27th Mar2019

‘Victorian Masterminds’ Board Game Review

by Matthew Smail


Anytime you hear of a game that has been designed in tandem by two great minds like those of Eric Lang and Antoine Bauza, with a production from CMON, it’s time to setup and pay attention. In this case, the game is Victorian Masterminds. The theme? Steampunk villains, diabolical machines and, erm, stealing buildings. Yes, Victorian Masterminds is just as bonkers as it sounds, but it’s also quite unique from a gameplay perspective, with several mechanics that you don’t often see elsewhere. It’s a light to midweight game that the whole family can enjoy, and it looks fabulous set out on the table.

First of all, each player will choose a colour and take the five thick poker chips to match. Next, everyone will need to choose a machine, each of which comes with its own blueprint board and a set of pieces that will be placed aside. Every machine has a unique look and a different set of construction demands, but most notably, its own engineer ability, which acts as a a unique power for that player during the game. Next, the board will be setup with an objective card in each city, as well as a set of standard buildings and a single, unique building such as Big Ben or the Eiffel Tower.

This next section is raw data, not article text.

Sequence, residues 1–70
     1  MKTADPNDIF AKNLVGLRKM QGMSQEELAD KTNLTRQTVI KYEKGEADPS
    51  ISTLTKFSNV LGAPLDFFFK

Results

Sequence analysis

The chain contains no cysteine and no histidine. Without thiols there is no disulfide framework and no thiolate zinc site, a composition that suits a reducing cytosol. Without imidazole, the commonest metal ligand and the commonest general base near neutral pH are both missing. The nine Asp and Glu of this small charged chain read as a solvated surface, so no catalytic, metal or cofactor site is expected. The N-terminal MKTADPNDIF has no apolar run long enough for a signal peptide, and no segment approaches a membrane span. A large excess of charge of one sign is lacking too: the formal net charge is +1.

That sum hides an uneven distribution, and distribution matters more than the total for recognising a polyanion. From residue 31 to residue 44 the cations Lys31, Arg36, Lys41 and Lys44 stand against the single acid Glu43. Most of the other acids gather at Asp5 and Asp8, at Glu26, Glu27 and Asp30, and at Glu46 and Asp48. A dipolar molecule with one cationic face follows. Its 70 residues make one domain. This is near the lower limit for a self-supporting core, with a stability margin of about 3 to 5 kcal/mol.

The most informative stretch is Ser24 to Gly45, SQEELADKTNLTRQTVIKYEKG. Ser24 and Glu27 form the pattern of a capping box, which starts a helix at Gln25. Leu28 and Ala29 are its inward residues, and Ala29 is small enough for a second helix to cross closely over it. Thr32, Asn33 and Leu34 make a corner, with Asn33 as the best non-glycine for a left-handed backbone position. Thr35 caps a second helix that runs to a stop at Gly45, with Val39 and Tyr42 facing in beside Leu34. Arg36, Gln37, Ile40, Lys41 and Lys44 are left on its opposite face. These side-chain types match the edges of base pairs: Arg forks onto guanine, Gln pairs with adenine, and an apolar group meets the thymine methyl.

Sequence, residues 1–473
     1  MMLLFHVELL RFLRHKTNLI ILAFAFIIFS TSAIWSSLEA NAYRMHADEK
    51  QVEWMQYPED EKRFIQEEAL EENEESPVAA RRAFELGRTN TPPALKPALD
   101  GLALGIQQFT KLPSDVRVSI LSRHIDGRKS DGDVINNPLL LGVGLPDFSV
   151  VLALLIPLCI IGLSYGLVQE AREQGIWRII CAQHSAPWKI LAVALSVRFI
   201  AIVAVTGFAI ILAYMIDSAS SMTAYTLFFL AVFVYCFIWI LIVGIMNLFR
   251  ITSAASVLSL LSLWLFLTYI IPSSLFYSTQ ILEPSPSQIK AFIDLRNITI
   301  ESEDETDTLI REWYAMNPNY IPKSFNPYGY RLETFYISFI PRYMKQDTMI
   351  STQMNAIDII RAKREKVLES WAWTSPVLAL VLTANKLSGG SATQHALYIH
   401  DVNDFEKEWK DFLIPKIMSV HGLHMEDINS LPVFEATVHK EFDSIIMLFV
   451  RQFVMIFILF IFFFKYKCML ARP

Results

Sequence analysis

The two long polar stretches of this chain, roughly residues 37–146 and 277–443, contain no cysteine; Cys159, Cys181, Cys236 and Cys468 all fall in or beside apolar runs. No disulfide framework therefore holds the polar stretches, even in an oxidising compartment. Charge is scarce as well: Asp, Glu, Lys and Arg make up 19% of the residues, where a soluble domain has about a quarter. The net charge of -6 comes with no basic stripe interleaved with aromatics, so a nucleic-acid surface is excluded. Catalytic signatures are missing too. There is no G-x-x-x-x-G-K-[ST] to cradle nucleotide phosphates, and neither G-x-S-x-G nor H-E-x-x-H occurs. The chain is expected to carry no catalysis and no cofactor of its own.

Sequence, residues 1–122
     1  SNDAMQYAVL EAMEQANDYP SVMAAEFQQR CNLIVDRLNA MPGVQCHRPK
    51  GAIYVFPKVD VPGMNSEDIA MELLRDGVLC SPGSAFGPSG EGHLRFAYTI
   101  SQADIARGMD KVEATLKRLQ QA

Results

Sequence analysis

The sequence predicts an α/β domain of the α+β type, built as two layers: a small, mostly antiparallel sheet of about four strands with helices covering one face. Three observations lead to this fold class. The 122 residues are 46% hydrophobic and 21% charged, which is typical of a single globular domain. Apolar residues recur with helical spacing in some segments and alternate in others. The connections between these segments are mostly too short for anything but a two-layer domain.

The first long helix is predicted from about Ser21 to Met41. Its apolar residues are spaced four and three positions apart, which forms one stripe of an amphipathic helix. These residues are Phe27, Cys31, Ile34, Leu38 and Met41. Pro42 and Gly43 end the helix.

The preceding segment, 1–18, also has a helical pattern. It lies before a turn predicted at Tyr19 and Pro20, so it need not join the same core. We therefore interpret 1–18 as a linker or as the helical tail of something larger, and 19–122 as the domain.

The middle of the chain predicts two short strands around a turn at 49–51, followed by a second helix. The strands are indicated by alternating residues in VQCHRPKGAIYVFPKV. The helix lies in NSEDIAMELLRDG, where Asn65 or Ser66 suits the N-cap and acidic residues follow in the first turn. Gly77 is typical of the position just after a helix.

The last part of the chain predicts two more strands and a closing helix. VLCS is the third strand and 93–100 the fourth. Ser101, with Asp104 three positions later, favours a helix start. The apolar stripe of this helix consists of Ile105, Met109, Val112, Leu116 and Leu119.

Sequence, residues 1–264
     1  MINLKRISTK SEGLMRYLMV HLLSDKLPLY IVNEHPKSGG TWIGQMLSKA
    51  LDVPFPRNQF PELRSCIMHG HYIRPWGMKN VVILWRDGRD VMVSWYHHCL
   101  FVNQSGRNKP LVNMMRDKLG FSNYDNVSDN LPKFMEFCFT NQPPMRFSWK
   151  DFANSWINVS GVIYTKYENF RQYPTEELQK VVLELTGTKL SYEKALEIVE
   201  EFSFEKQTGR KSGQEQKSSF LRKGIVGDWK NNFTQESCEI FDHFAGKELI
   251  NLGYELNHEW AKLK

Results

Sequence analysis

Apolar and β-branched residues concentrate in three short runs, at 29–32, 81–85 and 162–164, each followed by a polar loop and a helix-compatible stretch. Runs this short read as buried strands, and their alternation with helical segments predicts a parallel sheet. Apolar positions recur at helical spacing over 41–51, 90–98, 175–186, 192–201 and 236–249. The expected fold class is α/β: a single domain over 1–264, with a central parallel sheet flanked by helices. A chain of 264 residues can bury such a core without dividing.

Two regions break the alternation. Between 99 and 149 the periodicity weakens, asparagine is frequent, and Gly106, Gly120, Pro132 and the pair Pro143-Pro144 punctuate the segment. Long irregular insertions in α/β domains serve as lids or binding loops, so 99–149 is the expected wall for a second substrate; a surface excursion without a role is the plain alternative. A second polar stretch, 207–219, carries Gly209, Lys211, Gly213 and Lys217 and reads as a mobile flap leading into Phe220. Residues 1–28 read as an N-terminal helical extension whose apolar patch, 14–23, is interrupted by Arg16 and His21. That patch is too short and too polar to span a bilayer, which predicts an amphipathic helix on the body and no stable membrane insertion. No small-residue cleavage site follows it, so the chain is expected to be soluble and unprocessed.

With all five or ten minutes of setup done, Victorian Masterminds will be ready to play. Turns are simple, with the first player simply choosing a poker chip from their hand and placing it face down on any one of the city spaces – and that’s it. At this point, nothing usually happens and the next player simply does the same. This continues around and around until one of the cities receives its third chip. At this point, the stack will be flipped over and all of the chips will be resolved from the top down. Every city provides a basic benefit to the players who place their chips there, but depending on which chip was used, there will be also be one of five unique effects.

Among the benefits that the chips provide are the following abilities, as follows:

  • Number 2, who allows the player to take the benefit of the current city twice,
  • The Henchman, who allows the player to claim the current mission card in that city,
  • The Saboteur, who’s ability simply cancels the ability of the next chip in the stack,